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Working Paper

Date of this Version



This paper is supported by the National Institutes of Health (NIH) via the Population Studies Center (NICHD P2C HD044964) and the Population Aging Research Center (NIA P30 AG012836) at the University of Pennsylvania.


Many economic decisions are influenced by individual risk preferences, and new evidence challenges the immutability of these preferences. This paper explores the impact of disasters on individual risk attitudes using longitudinal data from Indonesia, focusing on the heterogeneity of disasters by type, severity and timing. I find risk aversion increases for a decade following disasters, and high-mortality disasters, namely earthquakes, are more salient to individuals than higher frequency, lower-mortality disasters. These outcomes shed light on how survivors in a developing country respond to and internalize disaster shocks and are informative to policymakers in addressing the increasing threat of disasters.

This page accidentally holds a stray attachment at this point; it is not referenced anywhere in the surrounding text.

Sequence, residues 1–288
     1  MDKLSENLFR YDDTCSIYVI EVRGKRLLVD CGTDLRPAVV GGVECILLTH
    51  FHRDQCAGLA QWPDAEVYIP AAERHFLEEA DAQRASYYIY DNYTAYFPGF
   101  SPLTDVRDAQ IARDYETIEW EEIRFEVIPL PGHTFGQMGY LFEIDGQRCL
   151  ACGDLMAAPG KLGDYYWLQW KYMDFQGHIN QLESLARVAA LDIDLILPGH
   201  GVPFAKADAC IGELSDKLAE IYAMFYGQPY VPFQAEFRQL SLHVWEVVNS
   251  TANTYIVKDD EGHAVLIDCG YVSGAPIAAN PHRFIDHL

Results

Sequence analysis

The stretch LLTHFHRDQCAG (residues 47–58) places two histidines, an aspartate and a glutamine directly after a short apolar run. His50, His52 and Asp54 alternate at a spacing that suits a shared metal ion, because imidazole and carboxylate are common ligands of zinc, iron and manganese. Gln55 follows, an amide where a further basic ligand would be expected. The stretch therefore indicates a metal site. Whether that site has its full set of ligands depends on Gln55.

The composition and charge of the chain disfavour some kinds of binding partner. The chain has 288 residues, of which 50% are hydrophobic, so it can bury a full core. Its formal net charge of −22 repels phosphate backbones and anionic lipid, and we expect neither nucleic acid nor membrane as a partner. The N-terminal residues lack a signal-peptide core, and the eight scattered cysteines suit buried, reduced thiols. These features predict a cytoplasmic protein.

risk preference, natural disasters, Indonesia



Date Posted: 16 December 2021